Robin Hackett
August 8, 2019

Most good cookbooks give readers some knowledge and a handful of recipes they’re excited to try. Abra Berens’ Ruffage (Chronicle Books) is far more useful. Ruffage teaches readers to cook the vegetables that most people never knew how to deal with. It also provides new ways to prepare the ones that people already love.

For the homesteader, small-scale vegetable farmer or curious home-cook looking to learn more about vegetable cookery, this book is an indispensable guide.

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  • Title: Ruffage: A Practical Guide to Vegetables
  • Author: Abra Berens
  • Cover Price: $35
  • Publisher: Chronicle Books

ruffage book cover review

In an era enthralled with nose-to-tail animal butchery, Ruffage sets out to apply the same principles of responsible consumption to vegetables. The book is encyclopedic in its ambitions. It contains some 300 recipes focusing on 29 vegetables. It’s range is broad, covering vegetables as disparate as tomatoes and celery root. Berens gives each vegetable its own chapter containing several recipes designed to showcase its various attributes. The chapter on radishes, for instance, provides instructions for poaching and pan-roasting as well as serving them raw with bagna cauda, a thick, garlic-heavy Italian sauce.

As if that breadth weren’t impressive enough, Berens also supplies variations or additions for each of the cooking methods she describes. After giving instructions on poaching radishes in chicken stock and white wine, for instance, Berens provides several recipes that use the poached radishes as an ingredient, including a roast chicken and celery salad and a pumpernickel toast with cream cheese.

Additionally, the book contains brief sections on how to buy and store each vegetable described. An example: “If buying carrots with their greens, cut the greens and store separately because the greens will wick water away from the roots.”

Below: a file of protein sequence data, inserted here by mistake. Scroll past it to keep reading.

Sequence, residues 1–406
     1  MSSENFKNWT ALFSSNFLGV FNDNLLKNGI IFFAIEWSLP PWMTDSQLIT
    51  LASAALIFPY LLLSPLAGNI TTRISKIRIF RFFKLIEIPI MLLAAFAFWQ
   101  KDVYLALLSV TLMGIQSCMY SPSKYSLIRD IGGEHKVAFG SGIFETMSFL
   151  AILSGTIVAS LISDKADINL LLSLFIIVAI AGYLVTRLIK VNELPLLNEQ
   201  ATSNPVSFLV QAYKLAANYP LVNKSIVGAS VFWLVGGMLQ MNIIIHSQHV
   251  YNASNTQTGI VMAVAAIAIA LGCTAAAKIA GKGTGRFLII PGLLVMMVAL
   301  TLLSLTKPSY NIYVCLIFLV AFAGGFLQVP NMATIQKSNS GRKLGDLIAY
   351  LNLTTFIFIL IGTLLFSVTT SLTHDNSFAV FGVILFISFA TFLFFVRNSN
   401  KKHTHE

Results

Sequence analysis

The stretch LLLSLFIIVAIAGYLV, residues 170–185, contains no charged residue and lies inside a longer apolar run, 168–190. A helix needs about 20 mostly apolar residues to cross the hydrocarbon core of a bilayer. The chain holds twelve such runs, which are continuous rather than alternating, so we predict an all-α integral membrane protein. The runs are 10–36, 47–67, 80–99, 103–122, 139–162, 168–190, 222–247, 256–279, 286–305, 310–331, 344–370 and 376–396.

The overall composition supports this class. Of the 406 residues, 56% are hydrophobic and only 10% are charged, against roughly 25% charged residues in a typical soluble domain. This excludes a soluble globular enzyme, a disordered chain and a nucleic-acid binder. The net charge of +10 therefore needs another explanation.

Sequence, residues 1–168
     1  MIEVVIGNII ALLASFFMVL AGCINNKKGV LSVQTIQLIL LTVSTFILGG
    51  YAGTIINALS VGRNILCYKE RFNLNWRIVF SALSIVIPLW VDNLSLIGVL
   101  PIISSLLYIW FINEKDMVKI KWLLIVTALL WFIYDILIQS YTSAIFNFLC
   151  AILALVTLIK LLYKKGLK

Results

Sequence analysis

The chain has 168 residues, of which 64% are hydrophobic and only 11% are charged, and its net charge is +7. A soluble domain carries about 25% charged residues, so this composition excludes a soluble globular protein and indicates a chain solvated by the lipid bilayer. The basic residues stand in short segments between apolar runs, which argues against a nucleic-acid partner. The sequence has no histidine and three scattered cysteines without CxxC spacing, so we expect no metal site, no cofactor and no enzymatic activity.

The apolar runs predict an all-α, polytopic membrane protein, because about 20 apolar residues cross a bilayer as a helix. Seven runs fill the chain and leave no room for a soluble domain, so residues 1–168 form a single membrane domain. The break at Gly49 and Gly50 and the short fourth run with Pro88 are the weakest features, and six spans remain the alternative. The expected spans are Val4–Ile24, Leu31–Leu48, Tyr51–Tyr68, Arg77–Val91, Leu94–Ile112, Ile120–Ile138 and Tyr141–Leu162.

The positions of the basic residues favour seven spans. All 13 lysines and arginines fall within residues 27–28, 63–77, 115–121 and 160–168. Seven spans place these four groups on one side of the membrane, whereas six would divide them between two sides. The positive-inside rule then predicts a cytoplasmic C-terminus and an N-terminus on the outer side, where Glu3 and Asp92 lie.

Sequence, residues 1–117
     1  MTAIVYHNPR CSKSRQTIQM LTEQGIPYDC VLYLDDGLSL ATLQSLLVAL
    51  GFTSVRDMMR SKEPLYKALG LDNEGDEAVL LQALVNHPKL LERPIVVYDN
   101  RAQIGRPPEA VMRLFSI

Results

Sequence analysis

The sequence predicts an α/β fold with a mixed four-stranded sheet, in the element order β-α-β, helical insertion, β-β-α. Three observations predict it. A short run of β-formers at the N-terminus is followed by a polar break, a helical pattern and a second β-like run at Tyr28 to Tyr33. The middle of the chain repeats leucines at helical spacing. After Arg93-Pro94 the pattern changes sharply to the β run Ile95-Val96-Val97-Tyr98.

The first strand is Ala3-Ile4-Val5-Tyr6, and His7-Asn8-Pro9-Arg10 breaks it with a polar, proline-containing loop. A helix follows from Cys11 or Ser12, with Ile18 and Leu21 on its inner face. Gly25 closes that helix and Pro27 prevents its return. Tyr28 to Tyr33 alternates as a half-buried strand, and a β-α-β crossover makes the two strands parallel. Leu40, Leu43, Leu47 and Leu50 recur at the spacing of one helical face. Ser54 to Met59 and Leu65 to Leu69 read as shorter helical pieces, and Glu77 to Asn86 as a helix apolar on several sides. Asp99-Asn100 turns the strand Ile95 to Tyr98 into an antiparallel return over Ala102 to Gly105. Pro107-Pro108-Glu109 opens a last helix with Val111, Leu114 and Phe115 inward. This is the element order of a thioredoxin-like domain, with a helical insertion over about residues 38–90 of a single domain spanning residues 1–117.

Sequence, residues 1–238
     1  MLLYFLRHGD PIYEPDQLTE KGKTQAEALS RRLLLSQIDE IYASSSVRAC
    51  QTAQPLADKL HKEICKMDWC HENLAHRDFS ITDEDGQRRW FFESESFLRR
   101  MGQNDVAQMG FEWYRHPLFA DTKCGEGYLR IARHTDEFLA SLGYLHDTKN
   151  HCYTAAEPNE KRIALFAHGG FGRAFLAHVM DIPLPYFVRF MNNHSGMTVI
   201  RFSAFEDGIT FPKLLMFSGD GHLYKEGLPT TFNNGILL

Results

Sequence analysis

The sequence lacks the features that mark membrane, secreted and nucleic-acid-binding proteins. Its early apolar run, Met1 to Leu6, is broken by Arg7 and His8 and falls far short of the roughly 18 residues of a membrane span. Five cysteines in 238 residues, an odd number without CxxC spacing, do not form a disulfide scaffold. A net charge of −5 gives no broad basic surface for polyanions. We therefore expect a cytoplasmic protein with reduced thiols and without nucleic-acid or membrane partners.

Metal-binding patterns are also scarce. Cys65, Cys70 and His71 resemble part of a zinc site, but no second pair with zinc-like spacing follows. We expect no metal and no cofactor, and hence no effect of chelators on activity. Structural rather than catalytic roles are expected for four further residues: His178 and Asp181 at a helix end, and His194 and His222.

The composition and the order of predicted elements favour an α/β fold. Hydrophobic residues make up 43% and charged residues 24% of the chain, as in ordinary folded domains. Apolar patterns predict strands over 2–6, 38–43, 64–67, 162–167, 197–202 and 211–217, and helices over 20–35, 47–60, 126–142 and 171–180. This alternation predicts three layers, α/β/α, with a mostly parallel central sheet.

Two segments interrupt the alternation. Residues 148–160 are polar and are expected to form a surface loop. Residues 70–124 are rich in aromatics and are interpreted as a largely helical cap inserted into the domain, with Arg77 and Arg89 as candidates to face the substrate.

Berens begins each chapter with an essay about the vegetable covered. Whereas some essays describe Berens’ personal experience with a vegetable, others read like a growers’ manual: “To grow garlic you’ll have to start in the fall. Buy organic or unsprayed hardneck garlic.” Berens knows a thing or two about planting garlic, coming from a background in farming as well as cooking. This agricultural perspective is apparent throughout the book. Many of the essays contain information about growing techniques or botany, which backs up the book’s general concern for making full use of vegetables.

As Berens describes in her essay on fennel, the aims of the whole-animal butchery movement can (and should) be applied to vegetables as well: “Getting two or three meals out of a plant instead of one, you’re saving money, energy and time. … [Also,] the flavors are different throughout the plant, and by consuming all of it you get to taste those subtle differences.”

Although Ruffage does contain a lot of specific recipes, its overarching concern seems to be teaching readers how to cook vegetables in new and exciting ways. This focus on the basics of vegetable cookery is what makes Ruffage a valuable resource for homesteaders or commercial vegetable farmers overwhelmed by their own bounty.

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